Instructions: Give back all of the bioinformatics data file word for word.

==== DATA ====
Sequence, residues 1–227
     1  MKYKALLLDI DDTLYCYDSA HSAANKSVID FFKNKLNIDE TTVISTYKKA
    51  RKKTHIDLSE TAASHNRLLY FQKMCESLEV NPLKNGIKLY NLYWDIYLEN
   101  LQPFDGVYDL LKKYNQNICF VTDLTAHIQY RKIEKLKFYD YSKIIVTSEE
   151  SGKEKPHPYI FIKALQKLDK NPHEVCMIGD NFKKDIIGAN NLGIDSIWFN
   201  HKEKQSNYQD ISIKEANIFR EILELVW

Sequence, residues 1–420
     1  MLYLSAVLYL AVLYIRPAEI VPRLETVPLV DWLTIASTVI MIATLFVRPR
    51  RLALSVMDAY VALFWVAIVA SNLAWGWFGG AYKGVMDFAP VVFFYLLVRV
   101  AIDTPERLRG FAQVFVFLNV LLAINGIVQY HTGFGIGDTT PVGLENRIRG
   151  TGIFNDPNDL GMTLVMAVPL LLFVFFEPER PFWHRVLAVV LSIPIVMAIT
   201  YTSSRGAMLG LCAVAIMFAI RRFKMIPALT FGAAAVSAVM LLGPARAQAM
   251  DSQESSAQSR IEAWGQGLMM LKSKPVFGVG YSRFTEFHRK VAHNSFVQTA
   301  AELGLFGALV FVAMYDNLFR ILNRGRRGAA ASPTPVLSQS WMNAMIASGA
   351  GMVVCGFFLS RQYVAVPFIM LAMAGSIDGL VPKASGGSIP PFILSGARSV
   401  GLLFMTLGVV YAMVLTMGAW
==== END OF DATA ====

Sequence, residues 1–227
     1  MKYKALLLDI DDTLYCYDSA HSAANKSVID FFKNKLNIDE TTVISTYKKA
    51  RKKTHIDLSE TAASHNRLLY FQKMCESLEV NPLKNGIKLY NLYWDIYLEN
   101  LQPFDGVYDL LKKYNQNICF VTDLTAHIQY RKIEKLKFYD YSKIIVTSEE
   151  SGKEKPHPYI FIKALQKLDK NPHEVCMIGD NFKKDIIGAN NLGIDSIWFN
   201  HKEKQSNYQD ISIKEANIFR EILELVW

Sequence, residues 1–420
     1  MLYLSAVLYL AVLYIRPAEI VPRLETVPLV DWLTIASTVI MIATLFVRPR
    51  RLALSVMDAY VALFWVAIVA SNLAWGWFGG AYKGVMDFAP VVFFYLLVRV
   101  AIDTPERLRG FAQVFVFLNV LLAINGIVQY HTGFGIGDTT PVGLENRIRG
   151  TGIFNDPNDL GMTLVMAVPL LLFVFFEPER PFWHRVLAVV LSIPIVMAIT
   201  YTSSRGAMLG LCAVAIMFAI RRFKMIPALT FGAAAVSAVM LLGPARAQAM
   251  DSQESSAQSR IEAWGQGLMM LKSKPVFGVG YSRFTEFHRK VAHNSFVQTA
   301  AELGLFGALV FVAMYDNLFR ILNRGRRGAA ASPTPVLSQS WMNAMIASGA
   351  GMVVCGFFLS RQYVAVPFIM LAMAGSIDGL VPKASGGSIP PFILSGARSV
   401  GLLFMTLGVV YAMVLTMGAW